Identification of signals that regulate the homeostasis, proliferation, and function of Treg is of great importance to understanding the mechanisms by which tolerance breaks down and autoimmunity develops. In the present work, we have identified E2 as a protolerance regulator of the Treg compartment. The ability of E2 to protect mice from EAE correlated with its ability to augment Foxp3 mRNA and protein expression in the CD4+ T cell compartment. Although these data do not prove that E2 inhibits autoimmunity by expansion of Treg, they do show that E2 is capable of increasing the number of Treg. Because depletion of Treg causes autoimmunity (15) and immune rejection of the fetus (13), however, this is a plausible mechanism.

Importantly, Treg expansion did not require an active autoimmune response, demonstrating that E2 treatment alone in a normal animal is sufficient for this effect. Although the protective outcome may be the same, our results do not distinguish between expansion of the existing Treg population and de novo generation of Treg from non-Treg. To address this question, we tested the latter. Walker et al. (16) have shown previously that CD4+CD25+FoxP3+ Treg can be generated from human CD4+CD25FoxP3 T cells in vitro by activation and prolonged culture, though E2 has never been implicated in this process. We found that E2 in combination with TCR stimulation is capable of increasing Foxp3 mRNA expression in CD4+CD25 T cells. Although TCR stimulation alone provoked a large increase in the number of CD25+ cells, these cells did not express significant Foxp3, indicating that they were activated effector cells. In contrast, when CD4+CD25 cells were activated in the presence of E2, both the number of CD25+ cells and their Foxp3 expression level were increased. Thus, E2 may be a signal that redirects peripheral CD4+ T cells toward a FoxP3+ Treg phenotype when activated in a tolerogenic context.

Our demonstration that E2 treatment induces a similar increase in Treg as does pregnancy may provide insight into the natural origin of this effect. A pregnant female is continuously exposed to both self and non-self Ags of fetal origin. The delicate yet powerful tolerance that operates in this context may be responsible not only for preventing rejection of the fetus, but also for protecting the mother from priming against self-Ags in a foreign context and subsequently developing autoimmune disease. Expansion of Treg number and function in response to the high serum estrogen concentration that is concurrent with pregnancy may represent a mode of specific immunosuppression that is invoked only when needed, then switched off postpartum. Of importance, clinical signs in both EAE and multiple sclerosis improve during pregnancy, but tend to recur postpartum.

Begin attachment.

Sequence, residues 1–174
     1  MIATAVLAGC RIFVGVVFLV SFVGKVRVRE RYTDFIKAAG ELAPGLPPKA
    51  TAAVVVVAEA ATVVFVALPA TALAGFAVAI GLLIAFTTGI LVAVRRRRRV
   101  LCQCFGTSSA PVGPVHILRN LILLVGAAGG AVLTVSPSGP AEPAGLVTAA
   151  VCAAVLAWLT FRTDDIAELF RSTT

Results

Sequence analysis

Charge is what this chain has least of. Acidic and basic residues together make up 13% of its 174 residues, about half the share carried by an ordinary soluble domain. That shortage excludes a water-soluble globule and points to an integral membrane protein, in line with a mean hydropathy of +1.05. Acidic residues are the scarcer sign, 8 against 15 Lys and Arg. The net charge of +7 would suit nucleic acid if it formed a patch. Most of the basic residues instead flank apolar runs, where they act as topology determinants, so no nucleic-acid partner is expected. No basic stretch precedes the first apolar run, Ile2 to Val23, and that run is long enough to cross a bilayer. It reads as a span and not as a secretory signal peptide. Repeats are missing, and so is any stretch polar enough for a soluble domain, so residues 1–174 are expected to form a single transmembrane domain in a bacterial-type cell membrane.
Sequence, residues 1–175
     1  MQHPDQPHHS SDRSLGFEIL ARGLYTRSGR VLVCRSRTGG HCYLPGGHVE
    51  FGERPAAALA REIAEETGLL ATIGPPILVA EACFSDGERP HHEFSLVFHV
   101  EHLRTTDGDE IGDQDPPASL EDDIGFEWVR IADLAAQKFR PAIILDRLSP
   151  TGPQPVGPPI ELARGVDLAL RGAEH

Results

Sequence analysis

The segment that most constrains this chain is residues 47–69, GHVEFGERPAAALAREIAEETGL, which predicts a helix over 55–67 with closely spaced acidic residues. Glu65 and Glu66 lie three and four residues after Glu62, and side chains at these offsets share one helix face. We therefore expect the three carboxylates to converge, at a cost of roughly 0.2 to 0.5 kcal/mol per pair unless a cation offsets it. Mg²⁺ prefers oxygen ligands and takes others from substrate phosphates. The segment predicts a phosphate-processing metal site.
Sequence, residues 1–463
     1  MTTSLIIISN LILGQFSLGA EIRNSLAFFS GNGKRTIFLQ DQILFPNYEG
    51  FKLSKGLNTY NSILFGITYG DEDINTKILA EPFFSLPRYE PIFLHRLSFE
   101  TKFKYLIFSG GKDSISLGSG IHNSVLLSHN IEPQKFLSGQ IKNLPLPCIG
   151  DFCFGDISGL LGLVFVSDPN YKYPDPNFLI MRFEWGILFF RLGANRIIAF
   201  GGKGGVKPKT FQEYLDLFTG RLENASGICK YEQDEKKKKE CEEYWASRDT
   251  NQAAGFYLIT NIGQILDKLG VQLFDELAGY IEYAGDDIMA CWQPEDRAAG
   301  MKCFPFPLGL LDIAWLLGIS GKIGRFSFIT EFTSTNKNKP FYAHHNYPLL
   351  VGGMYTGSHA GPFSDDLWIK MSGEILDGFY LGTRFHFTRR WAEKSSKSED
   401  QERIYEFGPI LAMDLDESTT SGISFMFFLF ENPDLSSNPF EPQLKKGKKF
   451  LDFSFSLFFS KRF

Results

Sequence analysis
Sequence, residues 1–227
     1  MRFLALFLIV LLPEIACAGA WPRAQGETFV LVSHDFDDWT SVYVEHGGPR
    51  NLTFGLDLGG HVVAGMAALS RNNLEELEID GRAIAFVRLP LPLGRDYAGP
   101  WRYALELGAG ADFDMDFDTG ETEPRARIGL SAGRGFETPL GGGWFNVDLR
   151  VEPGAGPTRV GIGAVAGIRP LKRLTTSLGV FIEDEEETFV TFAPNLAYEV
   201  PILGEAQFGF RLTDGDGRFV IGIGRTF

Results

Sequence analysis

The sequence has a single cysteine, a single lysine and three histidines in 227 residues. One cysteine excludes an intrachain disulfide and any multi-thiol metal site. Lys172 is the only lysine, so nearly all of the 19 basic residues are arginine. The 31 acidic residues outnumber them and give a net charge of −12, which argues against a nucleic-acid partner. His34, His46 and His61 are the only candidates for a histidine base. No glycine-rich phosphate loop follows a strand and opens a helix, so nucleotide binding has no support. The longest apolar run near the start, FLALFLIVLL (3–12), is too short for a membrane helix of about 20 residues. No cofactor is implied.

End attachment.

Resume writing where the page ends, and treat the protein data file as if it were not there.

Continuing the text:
The autoimmune-protective effects of E2 have been demonstrated in a variety of contexts, yet the mechanism of this effect remains elusive. Work in our laboratory and others suggests that E2 reduces pathological Th1 responses, and this may involve effects on Ag presentation and cytokine production by dendritic cells. However, no effect of E2 has yet been identified that could operate to preserve tolerance before an autoimmune response has been initiated. Our finding that protective E2 treatment in both immunized and naive animals results in expansion of the CD4+CD25+FoxP3+ Treg compartment is the first indication that such a mechanism operates in response to a single signal. In addition, this is the first demonstration that the Treg compartment can be expanded in vivo by treatment with a single benign compound. Prior induction or transfer of Treg cells appears to be required to inhibit subsequent activity of encephalitogenic T cells (17, 18). This feature of Treg activity may explain the potent ability of E2 to prevent induction, but not reverse established clinical signs of EAE. Thus, E2 may represent a valuable therapeutic agent for prevention of relapses or progression in a variety of autoimmune diseases because Treg cells have the potential to suppress immune responses to a broad range of self Ags, and hormone therapy is already well-established and tolerated.

The costs of publication of this article were defrayed in part by the payment of page charges. This article must therefore be hereby marked advertisement in accordance with 18 U.S.C. Section 1734 solely to indicate this fact.

1

This work was supported by Grants NS23444, NS45445 (to H.O.), NS23221 (to A.A.V.), and AI48779 and AI54610 (to S.F.Z.) from the National Institutes of Health, grants from the National Multiple Sclerosis Society (to H.O. and A.A.V.), the Nancy Davis MS Center Without Walls (to H.O.), the Department of Veterans Affairs (to A.A.V.), the American Diabetes Association (to S.F.Z.), and the Juvenile Diabetes Research Foundation (to S.F.Z.).

4

Abbreviations used in this paper: Treg, regulatory T cell; E2, 17-β-estradiol; EAE, experimental autoimmune encephalomyelitis; RE, relative expression; MOG, myelin oligodendrocyte glycoprotein; TFIIB, transcription factor IIB.